Asylum is not granted as a result of general conditions in one's country. You have to show that the harm you fear is on account of your race, religion, nationality, political opinion, or membership in a "particular social group." If you claim that violence is indiscriminate, then you will not qualify for asylum. Asylum can be very complicated, it is very fact dependent, and a denial may lead to removal (deportation) proceedings. You should visit http://www.uscis.gov/humanitarian/refugees-asylum/asylum and consult an attorney directly to learn more about the process in order to decide whether applying for asylum would be appropriate in your particular situation. I suggest doing so soon too, because asylum applicants generally have to file their applications within a year of their arrival in the US. Factors such as maintaining lawful status will affect your filing deadline, but it's good to be aware that there is a deadline. Good luck!See question
Hi, Upon successfully filing for removal of condition 60 days before the expiration (beginning of April), I received and completed my biometrics end of May. I received 1 letter stating an extension for another year. Since then I have not...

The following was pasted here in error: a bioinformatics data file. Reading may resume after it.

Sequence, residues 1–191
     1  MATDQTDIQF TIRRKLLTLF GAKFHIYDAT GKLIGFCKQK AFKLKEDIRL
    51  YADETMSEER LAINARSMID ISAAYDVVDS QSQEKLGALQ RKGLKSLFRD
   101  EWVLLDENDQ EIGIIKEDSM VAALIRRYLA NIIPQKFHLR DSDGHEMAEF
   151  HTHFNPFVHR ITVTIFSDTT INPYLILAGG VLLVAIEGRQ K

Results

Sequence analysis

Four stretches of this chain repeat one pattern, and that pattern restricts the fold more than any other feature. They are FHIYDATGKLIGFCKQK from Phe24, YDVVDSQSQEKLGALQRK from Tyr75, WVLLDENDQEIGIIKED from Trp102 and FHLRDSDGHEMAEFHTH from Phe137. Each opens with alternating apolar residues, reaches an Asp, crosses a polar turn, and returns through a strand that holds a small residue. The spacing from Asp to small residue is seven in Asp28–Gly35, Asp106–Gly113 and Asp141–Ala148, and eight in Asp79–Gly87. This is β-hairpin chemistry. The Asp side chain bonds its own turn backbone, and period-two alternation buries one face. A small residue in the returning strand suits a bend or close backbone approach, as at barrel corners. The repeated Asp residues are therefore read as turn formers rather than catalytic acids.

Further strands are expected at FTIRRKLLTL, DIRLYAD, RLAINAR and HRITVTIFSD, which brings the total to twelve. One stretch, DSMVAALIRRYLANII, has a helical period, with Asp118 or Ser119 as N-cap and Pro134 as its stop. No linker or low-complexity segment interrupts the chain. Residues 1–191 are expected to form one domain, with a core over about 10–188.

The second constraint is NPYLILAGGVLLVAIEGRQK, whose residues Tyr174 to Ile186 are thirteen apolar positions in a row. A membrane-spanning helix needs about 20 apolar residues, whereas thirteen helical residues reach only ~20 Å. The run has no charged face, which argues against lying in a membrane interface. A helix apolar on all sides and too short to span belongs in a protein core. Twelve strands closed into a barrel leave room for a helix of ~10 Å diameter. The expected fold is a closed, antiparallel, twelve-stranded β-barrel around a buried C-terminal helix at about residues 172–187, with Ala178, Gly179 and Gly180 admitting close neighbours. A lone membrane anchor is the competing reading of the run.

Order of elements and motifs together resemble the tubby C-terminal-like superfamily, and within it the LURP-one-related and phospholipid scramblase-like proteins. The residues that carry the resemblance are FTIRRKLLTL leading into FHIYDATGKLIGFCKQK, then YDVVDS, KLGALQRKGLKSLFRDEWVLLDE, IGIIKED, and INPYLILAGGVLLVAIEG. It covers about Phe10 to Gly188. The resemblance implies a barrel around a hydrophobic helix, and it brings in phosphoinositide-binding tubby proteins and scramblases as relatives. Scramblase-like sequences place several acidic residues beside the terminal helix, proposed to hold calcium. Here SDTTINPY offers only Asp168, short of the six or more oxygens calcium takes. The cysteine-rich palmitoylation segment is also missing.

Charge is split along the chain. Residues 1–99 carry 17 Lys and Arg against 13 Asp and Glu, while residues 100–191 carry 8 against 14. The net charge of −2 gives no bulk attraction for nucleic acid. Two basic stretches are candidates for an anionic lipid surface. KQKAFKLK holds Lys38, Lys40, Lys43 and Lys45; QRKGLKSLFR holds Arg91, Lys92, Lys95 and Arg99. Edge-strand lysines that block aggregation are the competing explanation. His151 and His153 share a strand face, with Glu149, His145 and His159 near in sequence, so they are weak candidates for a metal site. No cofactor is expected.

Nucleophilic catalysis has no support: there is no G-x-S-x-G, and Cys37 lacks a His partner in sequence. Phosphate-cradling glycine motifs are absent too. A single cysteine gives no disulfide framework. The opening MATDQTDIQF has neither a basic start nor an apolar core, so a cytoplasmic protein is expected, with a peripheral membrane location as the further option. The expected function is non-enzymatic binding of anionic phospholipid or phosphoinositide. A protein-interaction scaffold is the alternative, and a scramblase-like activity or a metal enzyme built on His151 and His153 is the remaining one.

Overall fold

If you will have been married for 5 years in November then the timeline is a bit confusing. Your green card should not have been conditional, and you should not have had to file an I-751 prior to expiration (in fact, your green card probably should not have been expiring this year). You may want to meet with an attorney to review your card and your timeline and ensure that you are on the right track. Apart from that, however, these applications frequently take many months to decide - that's why the receipt notice states that it is proof of your ability to travel and work for another year. You can inquire about the status of your application at a USCIS Field Office by making an "InfoPass" appointment online at https://infopass.uscis.gov// or you can call 1 (800) 375-5283. They may just tell you that the application is pending, in which case, you should wait and ensure that you always update USCIS promptly about any address changes. Good luck!See question